36.000

BOCCACCIO, Giovanni.. Il Decamerone di m. Giouanni Boccaccio nuouamente corretto et con diligentia stampato.

Florence, eredi di Filippo Giunta il vecchio., 1527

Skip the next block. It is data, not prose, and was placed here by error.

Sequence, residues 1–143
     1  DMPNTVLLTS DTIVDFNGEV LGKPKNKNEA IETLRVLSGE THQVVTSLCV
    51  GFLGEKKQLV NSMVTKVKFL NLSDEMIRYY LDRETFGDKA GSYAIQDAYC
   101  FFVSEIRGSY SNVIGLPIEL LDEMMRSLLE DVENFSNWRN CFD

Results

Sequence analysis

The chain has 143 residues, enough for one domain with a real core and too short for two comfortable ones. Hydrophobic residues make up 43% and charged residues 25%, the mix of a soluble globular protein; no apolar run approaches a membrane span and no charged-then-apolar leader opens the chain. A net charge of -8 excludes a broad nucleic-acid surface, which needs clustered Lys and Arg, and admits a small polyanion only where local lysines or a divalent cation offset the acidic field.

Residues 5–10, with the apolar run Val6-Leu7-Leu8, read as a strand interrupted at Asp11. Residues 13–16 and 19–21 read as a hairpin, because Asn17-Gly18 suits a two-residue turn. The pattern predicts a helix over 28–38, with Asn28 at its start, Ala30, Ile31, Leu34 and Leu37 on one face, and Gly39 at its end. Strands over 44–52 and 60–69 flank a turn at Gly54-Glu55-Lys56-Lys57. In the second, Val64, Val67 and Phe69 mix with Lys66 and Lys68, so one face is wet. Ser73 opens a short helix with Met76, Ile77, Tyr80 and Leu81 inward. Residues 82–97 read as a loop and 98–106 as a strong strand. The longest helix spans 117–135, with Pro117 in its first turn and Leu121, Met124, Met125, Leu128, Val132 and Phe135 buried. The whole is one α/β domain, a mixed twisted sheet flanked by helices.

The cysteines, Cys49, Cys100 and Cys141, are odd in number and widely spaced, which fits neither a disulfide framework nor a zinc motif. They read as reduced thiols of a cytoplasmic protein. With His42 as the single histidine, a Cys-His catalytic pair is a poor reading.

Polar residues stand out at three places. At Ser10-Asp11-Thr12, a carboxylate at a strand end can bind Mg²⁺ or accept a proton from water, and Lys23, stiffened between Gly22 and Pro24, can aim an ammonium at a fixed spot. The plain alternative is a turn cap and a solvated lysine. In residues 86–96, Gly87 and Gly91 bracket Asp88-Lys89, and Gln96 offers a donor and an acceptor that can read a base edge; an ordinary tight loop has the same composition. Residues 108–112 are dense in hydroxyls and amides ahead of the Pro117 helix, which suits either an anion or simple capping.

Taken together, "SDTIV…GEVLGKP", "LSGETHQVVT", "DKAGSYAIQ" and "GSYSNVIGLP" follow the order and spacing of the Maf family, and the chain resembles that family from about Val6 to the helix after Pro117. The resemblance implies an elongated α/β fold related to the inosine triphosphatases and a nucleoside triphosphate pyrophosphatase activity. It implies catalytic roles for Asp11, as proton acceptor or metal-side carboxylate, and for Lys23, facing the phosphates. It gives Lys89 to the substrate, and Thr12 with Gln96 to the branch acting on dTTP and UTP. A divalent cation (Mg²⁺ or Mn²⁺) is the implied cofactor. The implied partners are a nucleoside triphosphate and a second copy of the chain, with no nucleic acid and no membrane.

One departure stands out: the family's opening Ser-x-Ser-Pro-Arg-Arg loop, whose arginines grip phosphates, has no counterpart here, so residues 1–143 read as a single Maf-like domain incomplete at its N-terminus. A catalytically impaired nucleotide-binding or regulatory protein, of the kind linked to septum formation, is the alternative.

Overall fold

Quarto (194 x 131 mm.), [8] leaves, 284 pages with woodcut printer's device on title-page and on verso of last page. Lightly washed, contemporary manuscript annotations on tile-page and inital pages, overall a very good copy bound by Traut-Bauzonnet in red morocco, gilt arabesque on covers, spine in compartments with gilt title and ornaments, gilt edges.The superb Ventisettana – one of the most famous, handsomely-printed and philologically accurate editions of the Decameron. ‘The best edition produced until that moment; it has long been much esteemed among bibliophiles […]. Although less rare than the 1516 Giunti edition and many others of the time, it is very difficult to find, especially in good condition' (Brunet I, 998-99).One of Florence's literary talents, the poet and humanist Giovanni Boccaccio (1313-75) devised his Decameron probably after the notorious plague of 1348. Completed in 1353, it is a collection of 100 short stories in the vernacular, told in the course of ten days by a group of young women and men who have taken refuge in a villa outside Florence to escape an epidemic. To pass the time in the evenings, they tell tales of love, wit and tragedy, whether adapted from traditional folklore or borrowed from medieval works and even from unusual sources like translations of Persian and Arabic literature.This edition, especially cherished in 16th-century Florence, was printed in the year in which the Medici rule was temporarily overthrown by the republican forces. Several of the scholars involved in the making of the Ventisettana, including Pier Vettori, Bernardo di Lorenzo Segni and Bartolomeo Cavalcanti, were themselves opposers of the Medici, a political circumstance which probably determined the work's subsequent rarity (Gamba, Delle novelle, 16). The scholars revised Delfino's 1516 Venetian edition by collating the text against further authoritative manuscripts, including the 14th-century Mannelli scribal copy, preserved at the Laurenziana. Only in 1761 did another edition, based entirely on the Mannelli manuscript, supersede it.According to Renouard, ‘few books have become as esteemed and valuable as this volume […] considered, as soon as it appeared in print, as the prototype, the obligatory model for all future editions' (‘Notices', 93). In 1729, since the edition had become so scarce, the bibliophile and art collector, Consul Joseph Smith, famously commissioned a type facsimile in 300 copies from the Venetian printer Pasinello. It is notoriously of fine quality, so much so that Brunet (I, 999) felt the necessity to list the differences and help his bibliophile-readers to tell them apart. EDIT16 CNCE 6271; Brunet I, 998-99; Gamba, Delle novelle italiane in prosa, 14-17; Renouard, ‘Notices sur la famille des Juntes', 93. WorldCat locates 11 copies in the US (Xavier, Huntington, Pierpont Morgan, UCB, Delaware, HRC, UCLA, Claremont, Brown, Williams, UPenn). B. Richardson, ‘The Textual History of the Decameron', in Boccaccio : A Critical Guide to the Complete Works, ed. V. Kircham et al. (Chicago, 2013), 41-52.

 

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